We often talk about support networks when someone has a problem. If the person, for example, has a drinking problem, that would include perhaps medical professionals and charity support groups such as Alcoholics Anonymous. If your partner is the one suffering, there are groups such as Al Anon. Mental health is also covered by a raft of charities which offer everything from sewing classes to cognitive behavioural therapy, along with the host of doctors, psychiatrists and psychiatric nurses in some way on board. But a key part of any such network is the normal people in your life. Family. Friends. Colleagues. Employers, if you’re lucky.
It is that home network which is perhaps most important when it is a loved one who is in the crushing grip of a mental illness. While I have seen my GP twice and she has offered suggestions and support to a varying degree, I cannot make an appointment to simply moan and groan. And if I did not have a history of depression myself I am not sure if that would be an option for me. Doctors are there for your health. They are not there just to be a sounding board or indeed to pick up some of the slack when you are struggling.
I am lucky. My family lives less than an hour away. I like them. They like me. I have many friends who live close by. I have a sympathetic employer. For the most part they cannot do all that much. They cannot breastfeed my baby to sleep or do the school run once in a while. They cannot pop in and do all my washing and make my dinner. And yet they can support me. For example, when I go to stay at my parents, my daughter sleeps terribly. I don’t get to finish any meals while everyone else is eating. I still rise when the girls do. But I don’t have to worry about cooking or clearing up. My father will happily entertain my elder girl. They will both talk and listen to my husband. There is a sense, an atmosphere, of loving support. They have my back. I am not alone.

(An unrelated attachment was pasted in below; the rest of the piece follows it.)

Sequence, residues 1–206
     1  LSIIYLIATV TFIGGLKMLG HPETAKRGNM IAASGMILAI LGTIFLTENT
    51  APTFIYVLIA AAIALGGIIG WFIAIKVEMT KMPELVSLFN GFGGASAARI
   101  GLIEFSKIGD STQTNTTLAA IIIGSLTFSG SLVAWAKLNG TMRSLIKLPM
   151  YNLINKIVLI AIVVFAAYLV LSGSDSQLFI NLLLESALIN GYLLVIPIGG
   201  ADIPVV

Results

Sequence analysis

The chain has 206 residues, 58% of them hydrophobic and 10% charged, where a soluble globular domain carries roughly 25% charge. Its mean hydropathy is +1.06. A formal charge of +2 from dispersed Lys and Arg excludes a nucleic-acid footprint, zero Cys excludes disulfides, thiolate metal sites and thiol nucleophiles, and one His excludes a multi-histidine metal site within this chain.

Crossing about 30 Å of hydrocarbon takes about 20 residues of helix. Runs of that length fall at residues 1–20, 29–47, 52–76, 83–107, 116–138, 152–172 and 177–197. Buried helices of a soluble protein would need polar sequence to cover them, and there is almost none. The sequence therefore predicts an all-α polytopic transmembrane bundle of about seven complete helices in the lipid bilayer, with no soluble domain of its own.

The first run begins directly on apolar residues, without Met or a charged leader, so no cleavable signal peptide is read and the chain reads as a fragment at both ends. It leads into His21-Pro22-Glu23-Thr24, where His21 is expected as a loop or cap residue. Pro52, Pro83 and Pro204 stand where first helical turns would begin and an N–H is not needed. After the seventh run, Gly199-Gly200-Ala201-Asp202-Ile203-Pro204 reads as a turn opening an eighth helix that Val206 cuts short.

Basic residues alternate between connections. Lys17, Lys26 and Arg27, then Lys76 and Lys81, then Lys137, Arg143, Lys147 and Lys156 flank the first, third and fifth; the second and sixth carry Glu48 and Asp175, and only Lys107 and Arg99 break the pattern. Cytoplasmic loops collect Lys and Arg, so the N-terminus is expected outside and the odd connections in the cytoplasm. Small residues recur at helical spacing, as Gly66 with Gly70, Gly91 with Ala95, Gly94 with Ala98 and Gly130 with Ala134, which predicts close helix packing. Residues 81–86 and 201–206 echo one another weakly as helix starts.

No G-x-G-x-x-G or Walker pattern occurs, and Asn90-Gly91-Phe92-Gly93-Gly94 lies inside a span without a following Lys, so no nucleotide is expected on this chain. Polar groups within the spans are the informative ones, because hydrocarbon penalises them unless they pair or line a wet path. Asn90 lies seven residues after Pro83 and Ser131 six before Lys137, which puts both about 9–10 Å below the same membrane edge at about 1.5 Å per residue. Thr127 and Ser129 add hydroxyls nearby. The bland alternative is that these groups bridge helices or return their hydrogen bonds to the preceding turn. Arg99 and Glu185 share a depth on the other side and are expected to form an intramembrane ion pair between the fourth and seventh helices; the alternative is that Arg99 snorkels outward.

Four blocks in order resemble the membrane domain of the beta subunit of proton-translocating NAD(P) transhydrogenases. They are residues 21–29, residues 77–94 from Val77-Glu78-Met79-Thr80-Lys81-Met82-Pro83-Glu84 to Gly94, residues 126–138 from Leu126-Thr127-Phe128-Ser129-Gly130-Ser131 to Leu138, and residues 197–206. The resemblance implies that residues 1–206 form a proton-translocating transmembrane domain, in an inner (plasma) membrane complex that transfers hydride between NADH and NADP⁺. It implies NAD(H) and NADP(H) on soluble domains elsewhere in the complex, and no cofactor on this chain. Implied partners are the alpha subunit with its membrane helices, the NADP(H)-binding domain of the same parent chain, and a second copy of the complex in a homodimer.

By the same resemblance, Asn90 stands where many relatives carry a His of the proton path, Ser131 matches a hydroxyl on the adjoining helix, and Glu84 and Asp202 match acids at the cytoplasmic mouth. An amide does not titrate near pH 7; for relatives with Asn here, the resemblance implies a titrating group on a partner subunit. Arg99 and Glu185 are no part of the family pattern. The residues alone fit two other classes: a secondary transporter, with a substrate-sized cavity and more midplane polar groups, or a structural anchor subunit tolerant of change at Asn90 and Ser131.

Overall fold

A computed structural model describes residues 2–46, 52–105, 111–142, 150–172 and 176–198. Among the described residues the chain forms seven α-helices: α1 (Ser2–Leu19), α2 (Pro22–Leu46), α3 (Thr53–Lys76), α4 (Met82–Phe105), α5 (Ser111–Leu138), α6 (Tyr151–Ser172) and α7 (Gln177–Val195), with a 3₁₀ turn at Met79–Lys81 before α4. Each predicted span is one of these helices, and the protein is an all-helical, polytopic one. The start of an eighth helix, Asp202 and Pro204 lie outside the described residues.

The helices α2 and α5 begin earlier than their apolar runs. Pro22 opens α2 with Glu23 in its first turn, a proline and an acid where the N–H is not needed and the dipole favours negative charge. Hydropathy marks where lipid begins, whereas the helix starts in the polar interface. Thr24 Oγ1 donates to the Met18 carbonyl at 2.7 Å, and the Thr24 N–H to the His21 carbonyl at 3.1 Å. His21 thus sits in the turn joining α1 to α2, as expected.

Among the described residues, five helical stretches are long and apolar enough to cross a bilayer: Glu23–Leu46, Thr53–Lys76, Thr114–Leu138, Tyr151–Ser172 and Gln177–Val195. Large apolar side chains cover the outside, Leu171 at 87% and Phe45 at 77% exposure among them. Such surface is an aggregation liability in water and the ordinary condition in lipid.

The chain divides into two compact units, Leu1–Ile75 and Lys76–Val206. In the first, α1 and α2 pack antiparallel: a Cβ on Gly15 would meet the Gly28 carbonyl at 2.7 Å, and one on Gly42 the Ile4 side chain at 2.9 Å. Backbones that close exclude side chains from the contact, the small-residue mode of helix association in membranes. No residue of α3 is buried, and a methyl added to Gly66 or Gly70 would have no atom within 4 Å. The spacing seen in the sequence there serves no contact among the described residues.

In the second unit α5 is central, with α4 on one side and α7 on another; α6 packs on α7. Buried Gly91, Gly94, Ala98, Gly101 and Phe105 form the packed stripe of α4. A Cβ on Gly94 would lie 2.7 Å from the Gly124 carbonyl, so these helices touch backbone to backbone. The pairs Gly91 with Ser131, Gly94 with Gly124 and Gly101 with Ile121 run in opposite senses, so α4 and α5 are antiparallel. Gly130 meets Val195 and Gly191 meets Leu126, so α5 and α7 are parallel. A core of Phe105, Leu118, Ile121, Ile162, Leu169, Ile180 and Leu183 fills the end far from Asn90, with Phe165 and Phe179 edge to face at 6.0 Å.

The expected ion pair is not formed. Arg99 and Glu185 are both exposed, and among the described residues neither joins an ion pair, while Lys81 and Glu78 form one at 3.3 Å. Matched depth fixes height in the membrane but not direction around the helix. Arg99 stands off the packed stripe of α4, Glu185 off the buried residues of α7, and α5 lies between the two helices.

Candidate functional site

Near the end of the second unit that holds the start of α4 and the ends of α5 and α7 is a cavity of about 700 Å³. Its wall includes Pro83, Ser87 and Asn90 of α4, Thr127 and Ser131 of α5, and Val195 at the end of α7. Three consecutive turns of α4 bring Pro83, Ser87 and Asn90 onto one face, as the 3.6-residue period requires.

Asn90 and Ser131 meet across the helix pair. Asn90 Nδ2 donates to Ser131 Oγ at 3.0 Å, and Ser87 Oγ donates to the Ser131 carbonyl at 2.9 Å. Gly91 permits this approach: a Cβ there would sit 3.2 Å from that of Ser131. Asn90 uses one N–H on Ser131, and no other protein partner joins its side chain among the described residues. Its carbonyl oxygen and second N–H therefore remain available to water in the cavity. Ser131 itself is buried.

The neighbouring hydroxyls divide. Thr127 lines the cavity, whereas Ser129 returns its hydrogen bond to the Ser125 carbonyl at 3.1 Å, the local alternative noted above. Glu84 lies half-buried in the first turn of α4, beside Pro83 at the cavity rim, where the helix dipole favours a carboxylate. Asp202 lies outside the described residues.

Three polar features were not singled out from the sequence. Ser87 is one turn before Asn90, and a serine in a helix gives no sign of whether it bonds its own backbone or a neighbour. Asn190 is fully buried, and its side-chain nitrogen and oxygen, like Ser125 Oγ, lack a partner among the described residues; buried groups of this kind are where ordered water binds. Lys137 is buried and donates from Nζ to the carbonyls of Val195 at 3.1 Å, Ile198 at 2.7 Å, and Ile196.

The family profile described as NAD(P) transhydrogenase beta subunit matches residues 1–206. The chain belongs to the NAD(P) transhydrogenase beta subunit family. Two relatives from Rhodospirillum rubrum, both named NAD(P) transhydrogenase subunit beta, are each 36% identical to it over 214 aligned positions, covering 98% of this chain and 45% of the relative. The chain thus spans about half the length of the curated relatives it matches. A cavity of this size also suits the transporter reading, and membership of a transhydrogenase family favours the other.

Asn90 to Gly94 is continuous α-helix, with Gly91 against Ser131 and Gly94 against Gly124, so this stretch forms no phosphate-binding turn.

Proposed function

Last week a friend invited me to stay for a couple of nights. Someone who, due to the weird virtual lives we lead, I know pretty well but had only physically met once. It was a daunting drive alone in an unfamiliar city with two potential troublemakers in the back. But once I arrived in what some would describe as a stranger’s house, that same atmosphere of safety was there. Despite her baby trying her hardest to eat mine. Despite my four year old being so in love with her new six-year-old friend that her behaviour went a few degrees south of what I would usually expect. Despite being surprised in the shower twice by my daughter’s curious new friend. And even though her best efforts to allow me a little extra sleep were met with the unexpected and sudden arrival of separation anxiety, it was so much easier than being at home. Because I felt supported. I wanted to have a couple of glasses of prosecco and a chinwag even though I was no less tired than any other day. I’ll probably never be able to return the favour but I won’t quickly forget either.
Then there’s the friend who turned up a day early for a meeting with others expressly to help in any way she could. I couldn’t quite offload the children, who had never met her, on her so I could retire to my bed but I knew the offer was a genuine one.
The little things do count. So do the big ones. A network of support may not be what you think it is and may come from unexpected sources. And it can be hard to draw on it – to cash in on offers. To ask in the first place. But it can be the difference between coping and not coping. I am coping.